The very first US census, taken in 1790, showed that people of Celtic descent outnumbered the Anglo-Saxons by two to one in the South. Perhaps three-quarters of the white population of the American South before the Civil War were of Celtic (mostly Scottish) descent. It is not too far-fetched to hear the fearsome Rebel Yell that struck terror in the Yankee ranks during the Civil War as being derived from the battle cry of the Scots Highlanders.

Many Scottish emigrants settled in Georgia. General Oglethorpe invited many of these hardy folk to help defend his southern frontier. One incentive he used was the banning of highland dress in Scotland. No such restrictions applied in the colonies, where the Highlanders could retain their language, their customs, their traditions and their way of dress. The general himself wore highland dress to visit some of the settlements.

Perhaps no part of the American colonies was more attractive to Scottish settlers than North Carolina. Land grants to John Innes, Hugh Campbell and William Forbes in 1732 ensured a steady supply of immigrants. A letter written by a British minister visiting the Scottish settlements around Cross Creek (Fayetteville) at the end of the century wrote, "The Gallic language is still prevalent among them, their Negroes speak it, and they have a clergyman who preaches in it." As late as 1851, it was reported in the "Raleigh Register" that many in the areas still spoke Gaelic.

There have been many notable governors of southern states to achieve distinction, among them James Glen of South Carolina; Alexander Spotswood and Lawrence Dinwiddie of Virginia, John Murray, Earl of Dunmore and Governor of New York and Virginia and Gabriel Johnstone and Thomas Pollock of North Carolina. The north had famed Cadwallader Colden of New York State. In addition, many Scots served in lesser, but important offices such as secretary of a colony, collector of customs and surveyor of crownlands. Neil Jamieson became the wealthiest Scottish merchant in Virginia before the Revolution introduced a new chapter in Scottish-American relations. Highlanders often followed their traditional calling to enter the military.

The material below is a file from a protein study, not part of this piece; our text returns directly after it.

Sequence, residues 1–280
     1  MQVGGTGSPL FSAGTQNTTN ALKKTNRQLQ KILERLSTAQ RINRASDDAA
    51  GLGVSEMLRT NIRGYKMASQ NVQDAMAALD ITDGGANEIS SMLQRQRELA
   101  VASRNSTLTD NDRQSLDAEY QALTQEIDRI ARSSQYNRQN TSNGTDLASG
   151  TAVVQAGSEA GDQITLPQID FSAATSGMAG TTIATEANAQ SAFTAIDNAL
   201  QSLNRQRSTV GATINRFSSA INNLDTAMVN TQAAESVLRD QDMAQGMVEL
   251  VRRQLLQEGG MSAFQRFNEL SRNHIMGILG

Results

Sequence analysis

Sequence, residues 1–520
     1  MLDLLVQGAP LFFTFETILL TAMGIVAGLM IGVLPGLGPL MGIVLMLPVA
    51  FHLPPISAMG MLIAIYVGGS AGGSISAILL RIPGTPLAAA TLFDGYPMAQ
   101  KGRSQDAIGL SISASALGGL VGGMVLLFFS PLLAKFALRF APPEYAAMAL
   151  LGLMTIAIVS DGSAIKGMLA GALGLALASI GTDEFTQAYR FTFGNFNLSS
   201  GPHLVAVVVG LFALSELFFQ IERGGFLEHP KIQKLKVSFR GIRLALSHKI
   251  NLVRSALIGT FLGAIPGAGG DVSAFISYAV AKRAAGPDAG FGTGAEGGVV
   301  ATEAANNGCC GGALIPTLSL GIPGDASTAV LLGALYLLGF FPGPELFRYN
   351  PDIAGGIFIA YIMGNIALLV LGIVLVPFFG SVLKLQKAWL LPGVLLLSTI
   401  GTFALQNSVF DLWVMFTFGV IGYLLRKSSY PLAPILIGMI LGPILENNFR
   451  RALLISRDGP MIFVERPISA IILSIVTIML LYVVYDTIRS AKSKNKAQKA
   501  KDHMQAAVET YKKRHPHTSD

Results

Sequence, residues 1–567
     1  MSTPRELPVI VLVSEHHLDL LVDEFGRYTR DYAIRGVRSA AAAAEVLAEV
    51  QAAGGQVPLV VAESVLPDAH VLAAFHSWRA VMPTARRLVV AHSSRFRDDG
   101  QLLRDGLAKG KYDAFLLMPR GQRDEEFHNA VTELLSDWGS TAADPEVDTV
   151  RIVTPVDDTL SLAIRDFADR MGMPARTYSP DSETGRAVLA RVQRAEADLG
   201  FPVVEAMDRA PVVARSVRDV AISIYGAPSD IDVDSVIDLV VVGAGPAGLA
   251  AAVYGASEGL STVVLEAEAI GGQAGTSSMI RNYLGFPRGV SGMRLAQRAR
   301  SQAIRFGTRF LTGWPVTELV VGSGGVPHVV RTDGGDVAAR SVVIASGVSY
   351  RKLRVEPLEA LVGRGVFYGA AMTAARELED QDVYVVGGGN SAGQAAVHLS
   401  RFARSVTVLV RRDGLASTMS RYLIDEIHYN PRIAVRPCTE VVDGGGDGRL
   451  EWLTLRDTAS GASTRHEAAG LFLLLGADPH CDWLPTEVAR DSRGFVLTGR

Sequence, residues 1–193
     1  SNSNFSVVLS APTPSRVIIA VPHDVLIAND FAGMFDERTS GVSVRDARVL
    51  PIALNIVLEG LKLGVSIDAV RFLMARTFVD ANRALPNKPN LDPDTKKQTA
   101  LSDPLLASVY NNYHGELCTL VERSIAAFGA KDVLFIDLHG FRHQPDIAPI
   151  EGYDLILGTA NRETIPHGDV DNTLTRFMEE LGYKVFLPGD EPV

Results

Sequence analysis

Ever since the 1707 union with England, the overseas Scots had developed a deserved reputation for business success, medical science, philosophic thought and academic excellence. Their contributions to the progress of the British-American colonies were enormous. Jefferson (who claimed Welsh ancestry) said of Scotland, "From that country we are surest of having sober attentive men." Many Scots came to American as teachers; they enjoyed a high reputation for diligence, sobriety and serious purpose as well as skill in teaching. No skill was in more demand than that of medicine.

A steady stream of Scots from upper-class families emigrated to serve as medical doctors, though the majority expected to enter business, including the Dunbars who traded in all kinds of much-sought after commodities on both sides of the ocean. In South Carolina, Robert Pringle made a fortune exporting rice and indigo. One emigrant to the southern colonies was James MacPherson, the translator (and perhaps forger) of the "Ossian" poems, who came to Florida for a short while. MacPherson retained a salary as Surveyor General of West Florida even after his return to London society in 1764 by writing pamphlets supporting the Government's unpopular American policies.

An indissoluble link between American and Scottish universities came about with the intransigence of Oxford and Cambridge; concerning the curriculum. Both were training grounds for the ministry under Anglican control and Non-Anglicans need not apply. Thus, because Oxford and Cambridge were restricted to members of the Church of England, American students flocked to Scottish universities which had no such restrictions and American colleges, including William and Mary in Virginia followed their example. One famous student was Cotton Mather -- given a Doctorate in Divinity by the University of Glasgow in 1710.

When Benjamin Franklin helped found the University of Pennsylvania, he had the Scottish curricula in mind; its first president was William Smith, who had studied at Aberdeen. Above the entrance to its famous medical school is carved a Scottish thistle, paying tribute to the enormous influence of Scottish medicine in the United States. Indeed, American medical education's high place in this century can be traced directly to Scottish universities two centuries ago.